The Autoethnographies of a Pandemic Project supports student researchers from Brooklyn College to craft autoethnographies of their own and their family and community experiences, both in the months and years leading up to the pandemic and over the first six months of the Covid-19 outbreak. 

There is a growing acknowledgement among researchers that the story of the Covid-19 pandemic is the story of inequality in the United States. New York City has been the epicenter of the pandemic and its unequal impacts. The day-to-day realities of the communities hit hardest by Covid-19—Black communities, immigrant communities, poor Americans, undocumented people—need to be much more clearly documented and understood. Autoethnographies of a Pandemic provides a window into various experiences during the Covid-19 outbreak, documenting and preserving a series of histories capturing the impacts of this moment in New York City and its hardest-hit communities. 

Essays by eight student researchers are being published as part of a series in Black Perspectives, a blog of the African American Intellectual History Society. Read the introduction to the series, by Jeanne Theoharis, Joseph Entin, and Dominick Braswell.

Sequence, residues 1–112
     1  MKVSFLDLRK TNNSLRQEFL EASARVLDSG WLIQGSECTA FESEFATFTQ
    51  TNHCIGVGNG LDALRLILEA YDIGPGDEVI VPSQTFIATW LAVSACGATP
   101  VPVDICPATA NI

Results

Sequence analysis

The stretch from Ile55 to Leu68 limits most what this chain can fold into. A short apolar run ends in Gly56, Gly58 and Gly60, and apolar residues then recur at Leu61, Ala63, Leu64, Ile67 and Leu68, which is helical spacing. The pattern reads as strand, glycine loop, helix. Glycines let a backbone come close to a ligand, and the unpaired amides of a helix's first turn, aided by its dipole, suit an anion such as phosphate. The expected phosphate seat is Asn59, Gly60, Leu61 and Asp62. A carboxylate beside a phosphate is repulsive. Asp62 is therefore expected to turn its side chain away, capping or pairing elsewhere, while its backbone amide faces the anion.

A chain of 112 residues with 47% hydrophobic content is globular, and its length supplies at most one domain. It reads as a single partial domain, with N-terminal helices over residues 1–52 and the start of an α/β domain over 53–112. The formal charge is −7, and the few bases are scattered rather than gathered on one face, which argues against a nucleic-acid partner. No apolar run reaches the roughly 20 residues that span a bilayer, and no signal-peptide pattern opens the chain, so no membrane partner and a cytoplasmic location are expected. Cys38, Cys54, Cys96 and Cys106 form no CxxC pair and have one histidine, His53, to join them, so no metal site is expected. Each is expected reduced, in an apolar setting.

Principal Investigators

Jeanne Theoharis is Distinguished Professor of Political Science and the author or coauthor of nine books and numerous articles on the civil rights and Black Power movements and the contemporary politics of race. Her widely acclaimed biography The Rebellious Life of Mrs. Rosa Parks won a 2014 NAACP Image Award and the Letitia Woods Brown Award from the Association of Black Women Historians and appeared on the New York Times bestseller list. Her  recent book A More Beautiful and Terrible History: The Uses and Misuses of Civil Rights History won the 2018 Brooklyn Public Library Literary Prize in Nonfiction. Her work has appeared in the New York Times, the Washington Post, MSNBC, The NationSlate, the Atlantic, Boston Review, Salon, the Intercept, and the Chronicle of Higher Education.  

Dominick Braswell is a New York City–based activist. He received his BA in Africana studies, with departmental honors, from Brooklyn College in 2018. For the past two years, Braswell has served as a program administrator for the Mellon Transfer Student Research Program. He interned for a year with the SSRC’s President’s Office. Braswell will begin a PhD program in African American Studies at the University of Massachusetts–Amherst in fall 2020.